Maker Movement Mania

New Industrial Revolution: From Prototype to Product in DIY Market

PSFK Labs iQ Content Partner
Maker's Row

A distributed network of manufacturers can help you take your passions from working prototype to a mass-produced product line.

If the maker movement is all about democratizing manufacturing, then it would be a good thing to have the leader of the world’s most powerful democracy jump on the band wagon. And so he has.

At the first ever White House Maker Faire this year, President Barack Obama famously proclaimed: “Today’s DIY is tomorrow’s ‘Made in America,'” and in one short sentence, placed the future of American manufacturing squarely on the shoulders of makers.

Given the $29 billion that makers contribute to the national economy each year, maybe this isn’t such a far-fetched sentiment. But even the president can’t change the fact that getting from “today” to “tomorrow” — from maker to manufacturer — requires a tremendous leap. This is the leap that DIYers make in scaling-up from an initial prototype to the kind of production capacity that will grow a project into a successful business.

To help makers get there, several new resources have come online, aiming to facilitate what we’re calling Instant Scale Production. This trend is empowering innovators to quickly and affordably move into mass production without compromising the nimble and highly customizable nature of many maker projects.

Maker's Row

Brooklyn-based Maker’s Row takes its catalog of 3,000 manufacturers within the apparel and home décor industries and makes it available to designers and companies who are looking for a partner to mass-produce their creations. Manufacturers join the platform for free, while makers and designers looking for a manufacturer pay $10 to post drawings and specifications in order to attract the right factory or fabricator for the job.

Maker’s Row can also help facilitate messaging, as well as photo and video-sharing within the platform itself. After two years of operation, Maker’s Row boasts a community of 31,000 designers who are looking to scale-up production in the United States. A recent infusion of $1M from outside investors should help the company expand both the demand and supply side of the equation.

plasma cutting

BriteHub (formerly Elihuu) has a slightly different approach than Maker’s Row. BriteHub emphasizes the RFQ (Request for Quotes) as a means for makers to connect with both the production facilities and related specialists who can help them move from the prototype phase to full-scale production.

For $19.99, entrepreneurs create an RFQ, which details everything from the preferred location of production to materials and design specifications. BriteHub reviews the request, then distributes it to a network of manufacturers who can then submit bids for entrepreneurs to review and select.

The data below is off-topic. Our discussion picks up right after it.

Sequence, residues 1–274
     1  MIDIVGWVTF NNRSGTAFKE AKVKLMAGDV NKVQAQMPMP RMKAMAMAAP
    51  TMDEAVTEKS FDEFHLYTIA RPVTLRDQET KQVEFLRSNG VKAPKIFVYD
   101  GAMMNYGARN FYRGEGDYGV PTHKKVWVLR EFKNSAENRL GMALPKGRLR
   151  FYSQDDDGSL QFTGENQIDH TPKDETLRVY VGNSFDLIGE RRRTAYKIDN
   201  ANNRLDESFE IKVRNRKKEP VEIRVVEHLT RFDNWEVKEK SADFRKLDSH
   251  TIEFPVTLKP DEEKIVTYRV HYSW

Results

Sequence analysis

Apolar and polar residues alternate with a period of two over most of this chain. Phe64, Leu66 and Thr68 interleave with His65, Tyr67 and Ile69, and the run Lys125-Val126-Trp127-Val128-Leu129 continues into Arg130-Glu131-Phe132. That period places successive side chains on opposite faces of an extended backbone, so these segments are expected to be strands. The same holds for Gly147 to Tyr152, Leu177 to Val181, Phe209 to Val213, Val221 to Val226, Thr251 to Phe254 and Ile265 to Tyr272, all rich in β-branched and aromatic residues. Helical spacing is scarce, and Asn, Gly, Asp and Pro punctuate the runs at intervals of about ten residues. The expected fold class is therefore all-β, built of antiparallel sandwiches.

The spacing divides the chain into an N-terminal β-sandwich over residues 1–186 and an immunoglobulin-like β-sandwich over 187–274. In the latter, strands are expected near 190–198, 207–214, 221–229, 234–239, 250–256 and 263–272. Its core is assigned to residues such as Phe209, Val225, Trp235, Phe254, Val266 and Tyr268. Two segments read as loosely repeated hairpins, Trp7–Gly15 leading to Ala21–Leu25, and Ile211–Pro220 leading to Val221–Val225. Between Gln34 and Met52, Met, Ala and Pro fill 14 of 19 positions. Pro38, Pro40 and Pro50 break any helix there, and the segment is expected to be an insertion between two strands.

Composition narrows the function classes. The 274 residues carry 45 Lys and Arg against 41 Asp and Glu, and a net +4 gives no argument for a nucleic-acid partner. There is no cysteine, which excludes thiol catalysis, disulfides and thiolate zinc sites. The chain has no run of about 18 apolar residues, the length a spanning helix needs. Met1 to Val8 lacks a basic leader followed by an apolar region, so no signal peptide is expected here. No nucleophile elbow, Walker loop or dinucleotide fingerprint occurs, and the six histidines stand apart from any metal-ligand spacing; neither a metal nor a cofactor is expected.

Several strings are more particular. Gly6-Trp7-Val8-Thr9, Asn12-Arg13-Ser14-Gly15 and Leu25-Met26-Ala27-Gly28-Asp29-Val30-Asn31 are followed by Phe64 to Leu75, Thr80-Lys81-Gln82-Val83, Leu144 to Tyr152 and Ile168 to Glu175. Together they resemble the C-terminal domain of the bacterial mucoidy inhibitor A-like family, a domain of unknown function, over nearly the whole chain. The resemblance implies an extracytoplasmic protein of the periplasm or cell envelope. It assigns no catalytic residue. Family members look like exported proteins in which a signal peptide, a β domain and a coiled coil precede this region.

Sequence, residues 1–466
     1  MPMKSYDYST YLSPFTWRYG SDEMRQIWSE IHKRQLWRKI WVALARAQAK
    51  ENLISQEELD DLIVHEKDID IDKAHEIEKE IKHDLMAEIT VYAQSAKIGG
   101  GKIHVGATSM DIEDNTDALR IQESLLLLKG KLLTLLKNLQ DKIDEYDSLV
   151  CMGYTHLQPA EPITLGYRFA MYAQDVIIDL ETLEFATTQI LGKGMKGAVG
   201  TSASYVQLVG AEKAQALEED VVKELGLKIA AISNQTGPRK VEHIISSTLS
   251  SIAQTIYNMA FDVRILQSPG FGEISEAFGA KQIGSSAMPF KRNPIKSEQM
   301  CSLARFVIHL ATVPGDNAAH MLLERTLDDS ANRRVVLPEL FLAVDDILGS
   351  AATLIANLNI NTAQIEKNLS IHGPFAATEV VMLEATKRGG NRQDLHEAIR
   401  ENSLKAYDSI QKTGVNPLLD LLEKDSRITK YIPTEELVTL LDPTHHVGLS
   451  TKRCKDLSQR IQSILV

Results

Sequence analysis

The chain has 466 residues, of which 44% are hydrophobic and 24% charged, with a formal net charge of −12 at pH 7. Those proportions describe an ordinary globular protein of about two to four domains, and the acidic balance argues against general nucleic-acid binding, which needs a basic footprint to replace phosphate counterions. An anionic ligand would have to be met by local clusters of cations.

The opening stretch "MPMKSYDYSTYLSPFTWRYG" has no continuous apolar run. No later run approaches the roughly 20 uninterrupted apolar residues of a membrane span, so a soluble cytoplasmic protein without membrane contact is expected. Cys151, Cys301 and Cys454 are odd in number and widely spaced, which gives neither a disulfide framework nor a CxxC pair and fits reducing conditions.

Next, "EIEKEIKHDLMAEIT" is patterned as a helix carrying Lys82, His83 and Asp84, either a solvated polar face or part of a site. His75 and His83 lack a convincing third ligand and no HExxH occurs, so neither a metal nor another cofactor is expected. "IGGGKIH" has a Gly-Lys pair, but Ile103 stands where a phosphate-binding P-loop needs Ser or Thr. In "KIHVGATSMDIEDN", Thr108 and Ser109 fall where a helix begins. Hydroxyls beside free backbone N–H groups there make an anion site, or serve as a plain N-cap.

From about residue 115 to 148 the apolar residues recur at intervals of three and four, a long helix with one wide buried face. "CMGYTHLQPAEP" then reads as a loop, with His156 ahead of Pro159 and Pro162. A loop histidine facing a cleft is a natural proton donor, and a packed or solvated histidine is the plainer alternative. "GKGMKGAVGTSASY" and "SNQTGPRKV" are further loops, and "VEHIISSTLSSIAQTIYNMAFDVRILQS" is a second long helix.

Currently, the site includes manufacturers skilled in 40 different manufacturing processes using over 200 different materials. Like Maker’s Row, communication takes place within the platform which allows entrepreneurs to organize their options in one place and do side-by-side comparisons to find the best match.

3D printing

Taking a more grassroots approach to helping makers reach Instant Scale Production, 3D Hubs offers designers a global network of individually owned 3D printers to quickly produce prototypes or distribute production out across the network. Autodesk recently incorporated the 3D Hubs API into their 123D suite of design applications and partnerships like these now drive 40 percent of the orders going through the network.

By connecting makers with 3D printers in their local area, 3D Hubs has cut days off of the lead time to have objects produced through larger service providers like Shapeways. Additionally, the concept allows owners of 3D printers to recoup some of the expense of their devices by printing for fellow makers. Currently, there are more than 7,000 printers on the network, spread across 140 countries, and a recent capital raise of $4.5 million will help them to expand further.

The White House is looking to entrepreneurial makers to give the tradition of American manufacturing a much-needed shot in the arm. To do this, tinkerers and innovators around the country are tapping into new resources to bring their projects to a scale that can have real economic impact on their families, communities and nation. Instant Scale Production is making the new “Made in America” possible.


Editor’s note: The “Maker’s Manual” spotlights the do-it-yourself maker movement and how new computing technologies are helping democratize the creation of things once limited to craftsmen and professionals. This 10-week series from PSFK and iQ by Intel explores trends and features interviews with artists, inventors and entrepreneurs who are turning their ideas and dreams into reality.

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